Political Globalization: 12 93.01
KOF. KOF Globalization Index. 2017. 2 May 2017. <http://globalization.kof.ethz.ch/>.

Economy
Egypt has an unstable and uncertain economy, although it is the second largest economy
in the Arab world after Saudi Arabia. A lot of that has to do with political turmoil, and the
struggle to support the growing population. The economy in Egypt relies on agriculture, and
tourism. With all the corruption and instability, tourism has been on a decline (Goldschimidt,
Hopwood and Jones).
During the Great Depression Egypt suffered greatly. In 2013 Egypt was going through
their hardest economic time since the Great Depression back in the 1930s. A lot had to do with
the fall of President Mubarak as mentioned earlier. This led to a devaluation of the Egyptian
pound, increasing unemployment, and a great fall in tourism revenues. Overall there was a 3%
drop in growth, and a 60% drop in their foreign exchange reserves (Kingsley).The crisis hit in
country hard, but hit the poorer people of the country even more. I mentioned earlier that 25% of
the population is living below the poverty line. Egypt seems to be counting more on a bailout
from other countries (Kingsley). In 2016 the inflation rate was 12.6%, which is 1.7% higher than
the previous year. That makes Egypt rank 209 out of 227 countries. (Central Intelligence
Agency).

GDP:
Egypt has a GDP official exchange rate in 2015 was $342.8 billion. The state has a GDP
per capita of $12,100 as of 2016. GDP per capita measures the total output of a country in
account of the GDP and dividing it by the number of people in the country. Looking at the per
capita GDP can be helpful in comparing Egypt to other countries. This makes them 125th out of
230 in the world. Their GDP purchasing power parity in 2016 was 1.105 trillion. This makes
them 23rd out of 230 in the world. This calculation is Egypts GDP at purchasing power parity is
the sum value of all goods and services produced in Egypt valued at prices prevailing in the
United States. Egypts GDP real growth rate was at 3.8% in 2016. This places them 65th in the
world out of 225. GDP real growth rate measures economic growth in relation to the GDP from
one period to another that is adjusted for inflation (Central Intelligence Agency).

Consumer Confidence:
Egypt has a consumer confidence index that is part of the Nielsen Global Survey of
Consumer Confidence and Spending Intentions. Consumer Confidence in Egypt has averaged
around 84.29 from 2007 until 2016. In the fourth quarter of 2016 consumer confidence decreased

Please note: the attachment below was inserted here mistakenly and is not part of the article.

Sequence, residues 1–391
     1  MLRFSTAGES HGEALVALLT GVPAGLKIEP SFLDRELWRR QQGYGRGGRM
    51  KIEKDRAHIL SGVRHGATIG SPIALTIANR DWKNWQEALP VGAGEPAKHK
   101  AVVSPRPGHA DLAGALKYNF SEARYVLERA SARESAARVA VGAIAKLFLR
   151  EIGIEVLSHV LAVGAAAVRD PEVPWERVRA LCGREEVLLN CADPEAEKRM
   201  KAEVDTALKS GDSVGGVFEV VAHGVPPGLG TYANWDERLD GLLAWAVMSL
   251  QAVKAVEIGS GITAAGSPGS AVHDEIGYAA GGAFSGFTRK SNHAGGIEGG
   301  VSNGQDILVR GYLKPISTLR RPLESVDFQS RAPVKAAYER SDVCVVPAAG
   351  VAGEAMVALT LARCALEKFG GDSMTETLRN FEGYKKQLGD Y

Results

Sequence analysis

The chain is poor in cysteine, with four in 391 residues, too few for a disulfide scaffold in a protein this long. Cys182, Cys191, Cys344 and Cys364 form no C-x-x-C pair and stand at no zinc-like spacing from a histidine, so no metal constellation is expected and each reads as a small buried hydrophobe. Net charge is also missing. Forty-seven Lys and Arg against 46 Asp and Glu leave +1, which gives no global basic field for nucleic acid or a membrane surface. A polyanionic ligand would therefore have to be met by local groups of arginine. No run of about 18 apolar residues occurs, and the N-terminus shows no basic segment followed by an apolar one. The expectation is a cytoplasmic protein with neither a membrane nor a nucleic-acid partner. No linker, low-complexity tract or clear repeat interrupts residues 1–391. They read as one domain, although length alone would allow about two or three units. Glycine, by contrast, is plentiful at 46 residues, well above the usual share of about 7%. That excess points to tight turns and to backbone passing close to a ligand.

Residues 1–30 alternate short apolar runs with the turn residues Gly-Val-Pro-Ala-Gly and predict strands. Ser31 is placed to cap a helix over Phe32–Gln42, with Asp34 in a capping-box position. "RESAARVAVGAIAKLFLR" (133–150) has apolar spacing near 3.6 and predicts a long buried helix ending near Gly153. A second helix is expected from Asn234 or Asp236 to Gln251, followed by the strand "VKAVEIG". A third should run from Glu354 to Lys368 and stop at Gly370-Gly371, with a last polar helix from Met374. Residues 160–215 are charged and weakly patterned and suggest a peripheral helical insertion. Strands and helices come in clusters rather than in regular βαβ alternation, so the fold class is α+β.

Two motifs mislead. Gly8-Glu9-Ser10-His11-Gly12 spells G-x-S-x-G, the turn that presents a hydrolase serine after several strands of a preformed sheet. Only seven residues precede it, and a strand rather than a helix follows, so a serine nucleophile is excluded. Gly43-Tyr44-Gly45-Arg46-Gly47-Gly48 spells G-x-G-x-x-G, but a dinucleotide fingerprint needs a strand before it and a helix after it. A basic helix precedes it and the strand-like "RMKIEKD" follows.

by 6 from 70 to 64. Consumer spending was 722 in 2016. The bank lending rate in 2016 was at
16.50%. For this survey values above 100 indicate optimism and values below 100 indicate
pessimism. Consumer confidence is on the decline, and has been since 2012 (Egypt | Economic
Indicators).

Economic Model:
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Egypt had a neoliberalist economic model, however there is a fight back against it. It is believed
that neoliberalism is the cause of hunger, poverty, and inequality in Egypt. A lot of the rise
against neoliberalism in the state came at the end of Mubarak presidency. The state implemented
a series of neoliberal reforms that led by corruption (Military and police general run) ended up
hurting the state instead of helping the state. Privatization, market reforms for investment, and
increasing and diversifying exports caused an increase in poverty and unemployment.
Neoliberalism is now not working under Sisi Presidency, and the state is facing a continuance of
corruption, and negative economic effects (Naguib).

Currency Exchange Rates:


The strength or weakness of Egypts economy compared to other countries can be looked
at by looking at currency exchange rates. Currency can be affected by a variety of factors. Some
of those factors can include inflation, interest rates, and confidence in the government. Below is
a chart of exchange rates from some of the important countries, trading partners, and bordering
countries in comparison to the Egyptian exchange rate.
Currency Exchange Rates
Egyptian Pound (EGP) For Every 100 Other Country Value
Dollars
1 EGP= .0550055 US Dollars 100 EGP= $5.50 USD 1 USD= 18.1800 EGP
1 EGP= .0506611 Euros 100 EGP= $5.06 EUR I EUR= 19.7390 EGP
1 EGP= .0430130 British Pounds 100 EGP= $4.30 GBP 1 GBP= 23.2488 EGP
1 EGP= 3.54636 Indian Rupees 100 EGP= $354.63 INR 1 INR= .28197 EGP
1 EGP= .0727510 Australian Dollars 100 EGP= $7.27 AUD 1 AUD= 13.7455 EGP
1 EGP= .0727510 Canadian Dollars 100 EGP= $7.27 CAD 1 CAD= 13.4564 EGP
1 EGP= .361426 Sudanese Pounds 100 EGP= $36.14 SDG 1 SDG= 2.76682 EGP
1 EGP= .0753673 Libyan Dinars 100 EGP= $7.53 LYD 1 LYD= 13.2684 EGP
1 EGP= 33. 2134 Central African Francs 100 EGP= $3321.34 XOF 1 XOF= .0301083 EGP
1 EGP= .206303 Saudi Arabian Riyals 100 EGP= $20.63 SAR 1 SAR= 4.84723 EGP